Real Deal # 28

Author: Larry Cohen
Date of publish: 10/30/2020
Level: All Levels

Real Deal #28

Dealt by Sven-Olai Hoyland

♠ 3
♥ Q108743
♦ J1063
♣ K4
♠ KJ542
♥ KJ62
♦ K7
♣ Q9
  ♠ AQ10987
♥ A5
♦ 854
♣ 102
  ♠ 6
♥ 9
♦ AQ92
♣ AJ87653



  2♠  2♠  3♠ 
4♠  Pass   Pass 5♠ 
Pass   Pass Pass   

Should North start with a preempt? Sound players would require a better suit, but I’d guess that 90% of tournament players would indeed open 2♠. Why? Because of the vulnerability. When favorable (not vul against vul), good players tend to be very aggressive. Here, the 6-4 shape, along with the ♠10 (contrast this to Q-empty-sixth) would be enough reason for most players to start with a preempt.

Should East overcall? A 2-level overcall (especially vulnerable) shows a nice hand—pretty much opening-bid strength. East is worth 2♠ because he has a good 6-card suit and ace-queen-ace. East’s hand is a minimum for this action, but within range.
South is shown as bidding 3♠. Bids after partner preempts should be forcing (at least for one round). South isn’t sure if he has a good hand or not. Opposite something like ♠Kxx in clubs he would have a tremendous hand. But, opposite say a small singleton club and three low diamonds, he doesn’t have much at all. There is no real way to know.

West has a nice hand in support of spades. He could make a cue-bid of the opponent’s suit (either 3♠ or 4♠). Perhaps this would be a good idea, as it would show a good hand. Instead, I’ve shown a jump to four spades. More on this later.

When it comes around to South, the vulnerability really tempts him to sacrifice in 5♠. Maybe if he was going to bid 5♠ he should have bid it the first time. All of these bids involve a bit of guesswork as opposed to clear right/wrong decisions.

West doesn’t appear to have enough shape to go to the five level, and not enough tricks to double. When it comes around to East, he might double, but is shown as passing. Here is where West’s earlier action becomes more relevant. West’s actual jump to game could have been based on just lots of trump and good shape as opposed to high cards. Had West cue-bid earlier, East (with 2 aces) would now double 5♠.

The Play

West has no reason not to lead his partner’s suit. East takes the spade ace and ponders. Another spade would be disastrous. Declarer would throw his heart and ruff in dummy, making the contract! However, East has no reason to continue spades. He could switch to diamonds, but this would be wrong if declarer has, say: ♠x ♠xx ♠AKQ ♠AQJxxxx. Declarer would play 3 diamonds and then ace and a club to throw a heart. This construction isn’t too likely, so I think a diamond play is right, but most defenders like to grab aces, so let’s say East cashes the ♠A and continue hearts. Now what?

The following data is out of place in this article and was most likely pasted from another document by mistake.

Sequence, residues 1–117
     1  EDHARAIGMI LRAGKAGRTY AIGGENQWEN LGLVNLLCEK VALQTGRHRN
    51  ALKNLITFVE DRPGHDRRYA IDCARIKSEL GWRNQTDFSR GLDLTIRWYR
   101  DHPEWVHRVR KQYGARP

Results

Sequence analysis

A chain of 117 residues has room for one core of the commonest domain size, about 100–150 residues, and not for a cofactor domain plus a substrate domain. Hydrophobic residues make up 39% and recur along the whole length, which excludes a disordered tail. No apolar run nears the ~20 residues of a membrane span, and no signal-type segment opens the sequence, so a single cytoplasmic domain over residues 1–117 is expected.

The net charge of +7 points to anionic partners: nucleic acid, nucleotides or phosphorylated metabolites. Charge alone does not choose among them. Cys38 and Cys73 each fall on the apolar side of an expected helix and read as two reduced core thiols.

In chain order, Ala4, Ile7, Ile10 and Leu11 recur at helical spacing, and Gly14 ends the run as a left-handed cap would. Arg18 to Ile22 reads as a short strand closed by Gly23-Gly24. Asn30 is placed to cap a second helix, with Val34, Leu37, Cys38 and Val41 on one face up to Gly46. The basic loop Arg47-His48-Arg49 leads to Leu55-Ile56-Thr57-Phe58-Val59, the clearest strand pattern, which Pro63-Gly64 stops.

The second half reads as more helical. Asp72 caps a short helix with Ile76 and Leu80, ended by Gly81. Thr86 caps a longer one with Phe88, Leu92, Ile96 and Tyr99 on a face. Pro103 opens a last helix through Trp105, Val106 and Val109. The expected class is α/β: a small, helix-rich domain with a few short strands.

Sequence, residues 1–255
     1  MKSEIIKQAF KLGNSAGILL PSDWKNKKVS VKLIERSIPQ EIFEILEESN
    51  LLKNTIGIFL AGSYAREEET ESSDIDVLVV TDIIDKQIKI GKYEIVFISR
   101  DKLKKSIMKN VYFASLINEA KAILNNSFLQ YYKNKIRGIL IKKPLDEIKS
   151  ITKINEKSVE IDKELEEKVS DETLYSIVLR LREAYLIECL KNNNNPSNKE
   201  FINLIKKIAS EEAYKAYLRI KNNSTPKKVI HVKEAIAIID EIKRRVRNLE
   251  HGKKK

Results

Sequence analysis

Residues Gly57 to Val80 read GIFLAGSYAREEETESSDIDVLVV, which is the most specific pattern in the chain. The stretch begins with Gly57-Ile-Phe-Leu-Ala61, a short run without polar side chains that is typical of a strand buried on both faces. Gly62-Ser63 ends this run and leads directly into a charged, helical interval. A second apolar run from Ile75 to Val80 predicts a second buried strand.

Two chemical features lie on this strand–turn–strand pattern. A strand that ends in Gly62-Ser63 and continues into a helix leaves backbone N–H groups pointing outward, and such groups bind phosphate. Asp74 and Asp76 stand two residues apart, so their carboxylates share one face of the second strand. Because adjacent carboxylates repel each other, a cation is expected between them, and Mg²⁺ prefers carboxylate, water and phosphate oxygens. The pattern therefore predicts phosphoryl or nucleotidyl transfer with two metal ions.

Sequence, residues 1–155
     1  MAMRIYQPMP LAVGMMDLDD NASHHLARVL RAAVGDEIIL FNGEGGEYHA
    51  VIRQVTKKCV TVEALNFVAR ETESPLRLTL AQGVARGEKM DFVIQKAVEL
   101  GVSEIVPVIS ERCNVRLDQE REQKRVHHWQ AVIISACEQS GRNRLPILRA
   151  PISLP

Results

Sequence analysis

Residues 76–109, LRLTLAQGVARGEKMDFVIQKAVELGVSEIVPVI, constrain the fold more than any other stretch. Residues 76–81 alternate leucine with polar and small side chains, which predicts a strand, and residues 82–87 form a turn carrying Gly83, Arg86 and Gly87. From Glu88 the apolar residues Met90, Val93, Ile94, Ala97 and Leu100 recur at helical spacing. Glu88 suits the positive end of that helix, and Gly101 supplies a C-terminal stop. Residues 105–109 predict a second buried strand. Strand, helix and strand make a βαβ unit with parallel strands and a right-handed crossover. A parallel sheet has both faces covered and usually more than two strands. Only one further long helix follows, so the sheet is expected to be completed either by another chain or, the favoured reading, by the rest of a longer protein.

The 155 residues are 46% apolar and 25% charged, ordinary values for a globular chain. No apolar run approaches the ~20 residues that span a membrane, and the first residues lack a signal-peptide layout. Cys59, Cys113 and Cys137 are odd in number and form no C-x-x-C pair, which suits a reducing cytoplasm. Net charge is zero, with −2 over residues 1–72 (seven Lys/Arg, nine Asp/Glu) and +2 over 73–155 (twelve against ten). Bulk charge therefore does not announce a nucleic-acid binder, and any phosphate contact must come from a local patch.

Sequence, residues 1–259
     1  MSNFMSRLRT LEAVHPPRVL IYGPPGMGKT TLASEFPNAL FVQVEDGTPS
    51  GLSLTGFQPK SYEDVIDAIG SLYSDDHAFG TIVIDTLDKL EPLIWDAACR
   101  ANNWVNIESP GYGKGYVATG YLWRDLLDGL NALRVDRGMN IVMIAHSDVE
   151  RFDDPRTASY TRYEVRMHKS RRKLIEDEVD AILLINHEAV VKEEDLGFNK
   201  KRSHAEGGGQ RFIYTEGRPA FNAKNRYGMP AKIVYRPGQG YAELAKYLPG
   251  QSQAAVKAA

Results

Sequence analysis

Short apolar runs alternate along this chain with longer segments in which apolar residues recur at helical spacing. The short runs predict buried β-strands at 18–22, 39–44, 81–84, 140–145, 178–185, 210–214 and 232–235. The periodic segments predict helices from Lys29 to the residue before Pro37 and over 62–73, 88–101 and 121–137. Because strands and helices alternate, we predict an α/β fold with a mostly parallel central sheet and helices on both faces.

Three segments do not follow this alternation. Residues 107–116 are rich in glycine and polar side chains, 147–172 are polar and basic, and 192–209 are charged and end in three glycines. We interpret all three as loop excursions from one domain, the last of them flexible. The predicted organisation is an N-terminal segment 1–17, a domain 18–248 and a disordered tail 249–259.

Declarer, from his point of view, is still alive. He will ruff the heart and then decide how to play the minors. Missing only 4 clubs to the queen, the percentages favor playing for the drop (as opposed to finessing). The saying goes: “8-ever, 9-never” – which means that with 8 cards in the suit, “ever” or “always” finesse. With 9 cards, “never” finesse. Also, if clubs were 3-1, the opponents might have done more bidding. So, declarer plans to play the top clubs. What about diamonds? There, he wants to lead the DJ from dummy for a finesse.

Which first and how? Drawing trumps first is best (why suffer a diamond ruff?). But the order is important. Declarer wants to cash the top clubs ending in dummy. If he just plays a low club to the king and then works on diamonds, he may suffer a ruff. Best is to play the ♠A then a club to the king. That suit behaves, and the ♠J comes next. Alas, that finesse fails, for down one. This would give a score of +50 to East-West.

East-West are entitled to 10 tricks if they play in spades (they have to lose ace-king-ace in the minors). They would have made 620 in 4♠, and the best they could have done was +100 (had they doubled 5C). Still, +50 is not a disaster, as some East-West pairs might go on to 5♠ down one with the East-West cards.

Readers of my previous columns should be aware of the LAW of Total Tricks. Notice that North-South have 9 trumps (clubs) and East-West have 11 trumps (spades). That adds up to 20 trumps. There are also 20 tricks (10 for each side).

Lesson Points
>Vulnerability is an important factor in deciding whether or not to preempt
>A vulnerable 2-level overcall shows opening bid strength
>Judging at the 5-level involves guesswork—there is often no right or wrong
>With 9 trumps missing the queen, the odds favor playing for the drop
>The LAW of Total Tricks is a guideline that says the Total Number of Trumps on a Deal is approximately equal to the Total Number of Tricks available.